Navigating the Experience of Anxiety
Anxiety can take on various shapes: long-term generalized anxiety, a reaction to trauma, social anxiety, and panic attacks.
When any sort of anxiety begins to take away from normal functioning, it’s time to seek help and support, says Georgia Youssef, therapist at Associates.
“People come in when the anxiety is affecting their functioning in some way,” Youssef says. “There’s an overall feeling that the way you live your life is changing in response to the anxiety.”
Youssef describes a variety of treatments that work for clients with anxiety. They range from cognitive behavioral therapy and breathing techniques to referrals for medication.
“Of course, what works is different for different people,” she says. “But what’s always helpful is for clients to begin to understand what is actually happening to them with their anxiety.”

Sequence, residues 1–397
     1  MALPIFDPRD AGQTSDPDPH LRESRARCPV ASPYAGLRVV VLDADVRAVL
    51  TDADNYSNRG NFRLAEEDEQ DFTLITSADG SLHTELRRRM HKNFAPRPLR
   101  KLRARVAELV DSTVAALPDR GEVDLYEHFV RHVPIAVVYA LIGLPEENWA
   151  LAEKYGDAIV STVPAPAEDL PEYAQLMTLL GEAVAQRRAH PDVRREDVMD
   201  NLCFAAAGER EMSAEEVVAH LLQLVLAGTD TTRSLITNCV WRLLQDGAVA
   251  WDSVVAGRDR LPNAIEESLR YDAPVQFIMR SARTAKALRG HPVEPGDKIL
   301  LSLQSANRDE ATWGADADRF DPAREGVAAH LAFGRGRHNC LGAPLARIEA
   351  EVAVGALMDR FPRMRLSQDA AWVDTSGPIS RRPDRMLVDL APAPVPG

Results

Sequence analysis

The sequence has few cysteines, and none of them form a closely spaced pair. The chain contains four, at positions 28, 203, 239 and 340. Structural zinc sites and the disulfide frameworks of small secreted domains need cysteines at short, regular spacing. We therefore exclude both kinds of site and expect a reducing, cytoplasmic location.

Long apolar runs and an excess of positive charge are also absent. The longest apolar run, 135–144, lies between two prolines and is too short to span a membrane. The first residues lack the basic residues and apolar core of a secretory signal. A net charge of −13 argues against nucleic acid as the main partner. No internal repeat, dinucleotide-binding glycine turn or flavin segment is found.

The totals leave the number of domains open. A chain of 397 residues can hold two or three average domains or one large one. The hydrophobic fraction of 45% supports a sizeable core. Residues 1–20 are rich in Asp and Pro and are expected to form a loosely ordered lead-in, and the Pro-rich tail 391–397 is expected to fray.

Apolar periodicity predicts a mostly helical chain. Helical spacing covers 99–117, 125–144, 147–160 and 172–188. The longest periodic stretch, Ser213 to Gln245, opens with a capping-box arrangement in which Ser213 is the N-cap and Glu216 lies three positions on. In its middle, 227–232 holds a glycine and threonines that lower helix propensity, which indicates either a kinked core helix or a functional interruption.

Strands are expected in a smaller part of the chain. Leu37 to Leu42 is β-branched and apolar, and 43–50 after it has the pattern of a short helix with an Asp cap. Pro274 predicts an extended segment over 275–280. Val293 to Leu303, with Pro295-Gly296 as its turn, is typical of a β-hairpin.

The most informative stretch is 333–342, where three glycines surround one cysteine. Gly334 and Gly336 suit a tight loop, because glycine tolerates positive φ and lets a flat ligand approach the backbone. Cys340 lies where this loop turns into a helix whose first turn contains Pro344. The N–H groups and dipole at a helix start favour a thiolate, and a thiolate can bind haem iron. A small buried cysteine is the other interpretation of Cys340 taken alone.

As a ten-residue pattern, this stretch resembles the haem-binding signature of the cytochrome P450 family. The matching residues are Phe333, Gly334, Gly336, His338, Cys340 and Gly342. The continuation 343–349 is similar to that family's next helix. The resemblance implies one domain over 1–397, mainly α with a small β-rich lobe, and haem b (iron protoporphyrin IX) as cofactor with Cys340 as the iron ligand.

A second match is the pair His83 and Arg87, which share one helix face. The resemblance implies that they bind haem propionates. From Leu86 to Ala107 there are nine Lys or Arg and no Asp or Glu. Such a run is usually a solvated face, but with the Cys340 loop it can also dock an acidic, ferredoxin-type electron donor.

She described what happens to clients who experience panic attacks.
“Bodies are programmed to react to danger. God built that in us to help us survive,” she says. “What happens to someone dealing with anxiety is that the body ‘turns on’ that response but there is no danger.”
She does not discount how real and consuming a panic attack can feel.
“It feels like something is really wrong—and something really is wrong!”
With therapy and practice, a person having a panic attack can learn to break the cycle and counteract the body’s responses.
Youssef says sitting down and working to control thoughts and breathing can help. “Learning to say to yourself, ‘I’m not really having a heart attack. I’m going to be ok.’ Counting to slow down breathing, claiming a verse to say aloud—all those things have been helpful for clients. But it takes practice!”
The same is true for dealing with anxiety in general, not just panic, she says.
“It’s very important to ask, ‘Lord, help me see what is true right now.’’